Muscadine Lines: A Southern Journal

Kingfisher

Elizabeth Howard


Caryn Newton watched as Meredith jumped from the high board, turned a flip, and sliced the water like a kingfisher. Caryn had been watching Meredith Eastwood all year. Meredith was the fastest girl on the swim team, the best diver at the pool. She had it all—talent, curly red hair, long shapely legs, a terrific body.

Sterling Townes, quarterback on the Ivydell High School football team, was also watching Meredith. His shift as lifeguard was soon over, and he and Meredith left together. Caryn sighed. Sterling was so handsome, but he didn’t even know she existed.

She could swim almost as fast as Meredith, but she would not, could not, dive from the high board. Not for anything. As for looks, it was best not to think about that. She couldn’t make herself any taller, and her complexion was hopeless. “It’s just a phase,” her dad said. “It’ll clear up soon.” Dads are so dense.

“Hey, Newton!” Brock Withers was on the swim team, too, but he was a nerd. He had won the science award last year, and he was baby-sitter for his neighbor’s kids.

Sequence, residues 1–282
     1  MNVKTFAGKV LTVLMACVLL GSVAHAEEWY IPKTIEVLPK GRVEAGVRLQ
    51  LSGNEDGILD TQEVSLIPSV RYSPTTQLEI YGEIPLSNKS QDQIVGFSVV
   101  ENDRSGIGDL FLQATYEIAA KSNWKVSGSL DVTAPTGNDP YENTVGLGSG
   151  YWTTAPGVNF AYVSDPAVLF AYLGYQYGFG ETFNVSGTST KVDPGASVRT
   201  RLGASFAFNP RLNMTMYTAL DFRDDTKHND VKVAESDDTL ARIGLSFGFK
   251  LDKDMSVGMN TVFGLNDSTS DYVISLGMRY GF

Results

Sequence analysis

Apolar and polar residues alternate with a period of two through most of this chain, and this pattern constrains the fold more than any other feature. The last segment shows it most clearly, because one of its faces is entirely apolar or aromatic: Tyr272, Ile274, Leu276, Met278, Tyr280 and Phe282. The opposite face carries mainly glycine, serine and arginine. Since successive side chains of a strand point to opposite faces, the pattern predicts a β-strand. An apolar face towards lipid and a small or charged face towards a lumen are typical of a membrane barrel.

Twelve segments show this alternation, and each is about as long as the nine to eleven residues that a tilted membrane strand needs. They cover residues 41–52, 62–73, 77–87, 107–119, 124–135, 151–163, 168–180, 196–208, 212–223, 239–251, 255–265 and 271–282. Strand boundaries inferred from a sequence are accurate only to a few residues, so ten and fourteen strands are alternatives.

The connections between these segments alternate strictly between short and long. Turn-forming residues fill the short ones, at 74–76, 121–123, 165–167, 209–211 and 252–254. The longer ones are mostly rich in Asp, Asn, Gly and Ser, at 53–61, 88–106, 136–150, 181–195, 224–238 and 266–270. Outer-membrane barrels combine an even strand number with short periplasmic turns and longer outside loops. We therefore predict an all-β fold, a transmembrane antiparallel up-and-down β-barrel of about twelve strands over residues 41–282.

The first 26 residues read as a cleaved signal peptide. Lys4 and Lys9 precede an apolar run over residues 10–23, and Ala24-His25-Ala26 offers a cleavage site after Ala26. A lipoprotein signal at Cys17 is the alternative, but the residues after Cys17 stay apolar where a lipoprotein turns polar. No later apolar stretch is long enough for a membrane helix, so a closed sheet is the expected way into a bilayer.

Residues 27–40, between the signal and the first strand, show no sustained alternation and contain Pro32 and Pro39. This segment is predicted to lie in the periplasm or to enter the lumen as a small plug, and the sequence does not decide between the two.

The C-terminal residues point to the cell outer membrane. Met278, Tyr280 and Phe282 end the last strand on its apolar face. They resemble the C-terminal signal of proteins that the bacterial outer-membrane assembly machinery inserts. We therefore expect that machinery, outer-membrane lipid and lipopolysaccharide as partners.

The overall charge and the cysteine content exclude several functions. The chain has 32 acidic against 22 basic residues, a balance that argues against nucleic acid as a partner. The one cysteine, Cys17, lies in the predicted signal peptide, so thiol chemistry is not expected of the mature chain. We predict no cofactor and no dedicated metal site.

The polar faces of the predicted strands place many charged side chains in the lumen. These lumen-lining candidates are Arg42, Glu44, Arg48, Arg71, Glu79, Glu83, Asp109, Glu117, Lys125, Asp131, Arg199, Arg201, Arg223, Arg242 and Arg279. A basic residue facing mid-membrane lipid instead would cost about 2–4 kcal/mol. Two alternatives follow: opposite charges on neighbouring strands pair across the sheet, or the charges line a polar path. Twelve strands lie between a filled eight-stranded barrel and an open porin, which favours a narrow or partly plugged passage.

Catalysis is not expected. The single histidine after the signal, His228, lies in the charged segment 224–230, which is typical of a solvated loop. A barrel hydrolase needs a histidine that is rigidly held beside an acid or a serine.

“My name’s Caryn.” She bit the words, emphasizing the consonants.

“I know. Caryn with a ‘C.’ But Newton’s my hero, and you’re the only live Newton I know.”

“Save it for chemistry class,” Caryn said.

Brock grinned. “Sorry I bugged you. You going to the dance?”

It was Alexa Landers’ sixteenth birthday, and her parents had planned a dance at the country club. Alexa had invited everybody she knew, including the whole swim team.

Caryn shook her head. “I don’t know. I haven’t thought much about it.” That was a lie. She had thought about it. She’d thought about going with somebody handsome and exciting.

“Want to go with me?” Brock asked.

She didn’t want to go with Brock—he bored her, talking about weird science stuff—but he was the only chance she had. “Sure,” she said.

“I’ll call you tonight.”

*

Caryn lay on the bed, depressed. Since Brock didn’t have his license yet, his mom was going to drive them in her ancient blue Ford. “That’s the best she can do,” Caryn’s mom said. “Her job doesn’t pay well, and she has no help from her ex. Had you rather I drive you in my van? Or Dad in his pickup truck?” How did she wind up with such parents? Totally out of it.